Updating an ongoing issue related to options for new ash regulations, the U.S. House of Representatives passed the Coal Residuals Reuse and Management Act (H.R. 2218) on July 25, 2013. The legislation would regulate the ash from coal-fired power plants by classifying it as a solid waste under Subtitle D of the federal Resource Conservation and Recovery Act. An Associated Press report provides details.
The prospect of some form of enhanced regulation of coal ash has been a contentious issue for several years. Following a 2008 breach of a coal ash impoundment operated by TVA in Kingston, Tennessee, the Environmental Protection Agency proposed alternative regulatory options, one that would classify the ash as a hazardous waste and the other that would regulate the material as a solid waste. After alternative draft regulations were published, EPA received over 450,000 comments, many of which focused on various problems with regulation of the material as a hazardous waste. Such regulation would necessitate management of the materials in permitted hazardous waste landfills or disposal units, and the existing permitted disposal capacity would be overwhelmed in such an event. The prospect of attempting to permit and build new hazardous waste disposal facilities is likely to meet substantial opposition (and delay) from communities where such facilities are proposed. Finally, but significantly, much of the ash is currently used in a number of products including concrete, wallboard, and roadbed construction. Classification of the ash as hazardous waste would almost certainly end these beneficial reuses out of concern over litigation and potential liability issues. Thus, since the public comment period ended in November, 2010, EPA has apparently been unable to select one of the two options and issue final regulations. Arguably, part of this delay has been due to the attention the issue received during the last Congress, and which has carried over to the current session that began in January.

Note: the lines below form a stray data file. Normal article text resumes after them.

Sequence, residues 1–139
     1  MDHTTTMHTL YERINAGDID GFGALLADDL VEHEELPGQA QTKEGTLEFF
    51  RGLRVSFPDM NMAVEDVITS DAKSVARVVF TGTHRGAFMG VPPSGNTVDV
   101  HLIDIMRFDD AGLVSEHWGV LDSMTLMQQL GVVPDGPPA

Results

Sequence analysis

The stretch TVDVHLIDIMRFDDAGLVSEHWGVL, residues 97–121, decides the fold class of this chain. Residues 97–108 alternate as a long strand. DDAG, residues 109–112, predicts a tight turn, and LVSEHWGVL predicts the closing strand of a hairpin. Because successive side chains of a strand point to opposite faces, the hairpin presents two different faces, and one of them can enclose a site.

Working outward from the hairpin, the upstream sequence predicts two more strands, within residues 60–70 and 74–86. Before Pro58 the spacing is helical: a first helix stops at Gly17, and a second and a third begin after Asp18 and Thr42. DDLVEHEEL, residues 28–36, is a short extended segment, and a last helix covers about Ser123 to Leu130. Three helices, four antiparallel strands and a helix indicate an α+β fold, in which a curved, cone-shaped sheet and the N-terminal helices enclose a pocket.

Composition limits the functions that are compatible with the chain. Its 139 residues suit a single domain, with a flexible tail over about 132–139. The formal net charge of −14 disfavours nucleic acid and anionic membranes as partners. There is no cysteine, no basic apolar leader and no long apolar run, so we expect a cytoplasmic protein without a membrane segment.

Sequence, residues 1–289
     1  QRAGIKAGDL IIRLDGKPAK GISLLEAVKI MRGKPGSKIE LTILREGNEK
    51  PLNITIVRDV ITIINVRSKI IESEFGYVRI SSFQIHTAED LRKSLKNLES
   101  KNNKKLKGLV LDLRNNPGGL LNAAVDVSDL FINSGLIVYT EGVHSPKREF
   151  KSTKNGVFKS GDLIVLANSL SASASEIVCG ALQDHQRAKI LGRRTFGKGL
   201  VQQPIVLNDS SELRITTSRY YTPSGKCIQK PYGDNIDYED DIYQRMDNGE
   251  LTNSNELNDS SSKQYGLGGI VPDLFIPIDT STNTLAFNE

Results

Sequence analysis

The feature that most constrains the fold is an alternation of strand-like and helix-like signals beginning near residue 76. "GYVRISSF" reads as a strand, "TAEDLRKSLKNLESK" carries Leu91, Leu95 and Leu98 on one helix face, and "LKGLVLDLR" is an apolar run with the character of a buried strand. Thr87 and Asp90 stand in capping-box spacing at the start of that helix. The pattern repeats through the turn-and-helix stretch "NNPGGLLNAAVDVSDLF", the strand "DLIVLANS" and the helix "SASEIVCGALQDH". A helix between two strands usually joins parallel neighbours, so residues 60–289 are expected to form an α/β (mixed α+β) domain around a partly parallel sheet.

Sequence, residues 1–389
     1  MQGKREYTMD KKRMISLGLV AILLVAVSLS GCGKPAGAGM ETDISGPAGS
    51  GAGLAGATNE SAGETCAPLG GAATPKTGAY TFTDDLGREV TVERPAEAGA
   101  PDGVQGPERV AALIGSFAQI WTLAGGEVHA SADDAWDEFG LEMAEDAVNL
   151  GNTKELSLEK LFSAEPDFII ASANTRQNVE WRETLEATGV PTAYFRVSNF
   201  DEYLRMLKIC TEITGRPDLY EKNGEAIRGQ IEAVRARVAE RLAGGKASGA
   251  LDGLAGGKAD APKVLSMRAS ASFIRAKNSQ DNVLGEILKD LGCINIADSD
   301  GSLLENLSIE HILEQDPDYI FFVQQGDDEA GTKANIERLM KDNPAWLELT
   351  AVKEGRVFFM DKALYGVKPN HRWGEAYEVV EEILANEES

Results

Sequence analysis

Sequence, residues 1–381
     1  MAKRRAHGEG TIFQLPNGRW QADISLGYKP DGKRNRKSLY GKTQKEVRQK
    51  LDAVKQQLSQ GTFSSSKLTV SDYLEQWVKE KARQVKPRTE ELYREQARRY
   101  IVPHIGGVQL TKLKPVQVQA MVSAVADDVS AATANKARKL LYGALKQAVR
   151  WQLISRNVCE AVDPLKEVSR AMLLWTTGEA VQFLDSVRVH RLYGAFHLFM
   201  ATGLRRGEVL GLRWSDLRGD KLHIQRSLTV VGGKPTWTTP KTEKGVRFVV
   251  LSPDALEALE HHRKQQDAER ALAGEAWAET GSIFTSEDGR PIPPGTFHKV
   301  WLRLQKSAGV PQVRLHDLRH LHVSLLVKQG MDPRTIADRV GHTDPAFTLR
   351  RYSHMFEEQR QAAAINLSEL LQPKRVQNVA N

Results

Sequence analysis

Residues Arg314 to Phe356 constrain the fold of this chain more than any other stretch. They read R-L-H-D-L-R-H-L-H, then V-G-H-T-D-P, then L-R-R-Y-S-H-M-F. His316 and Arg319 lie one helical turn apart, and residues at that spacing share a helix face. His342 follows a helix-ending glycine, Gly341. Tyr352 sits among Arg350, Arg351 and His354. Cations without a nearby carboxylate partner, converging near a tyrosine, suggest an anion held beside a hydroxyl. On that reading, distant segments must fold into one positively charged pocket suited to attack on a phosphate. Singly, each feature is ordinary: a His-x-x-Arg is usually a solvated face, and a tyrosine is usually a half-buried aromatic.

The bill passed by the House would settle the regulatory question without EPA action. It also is an indication that prospects for overall Congressional approval appear to be good. The House bill as approved is very similar to a bill introduced previously in the Senate with strong bipartisan support. Furthermore, EPA officials formally signaled a willingness to work with Congress on such legislation during a hearing on the issue held by a House subcommittee in April. EPA has been unwilling to commit to a definitive schedule to issue a final rule, and the delay indicates that the Agency has recognized that Congress is likely to act and is giving that prospect every opportunity to develop.
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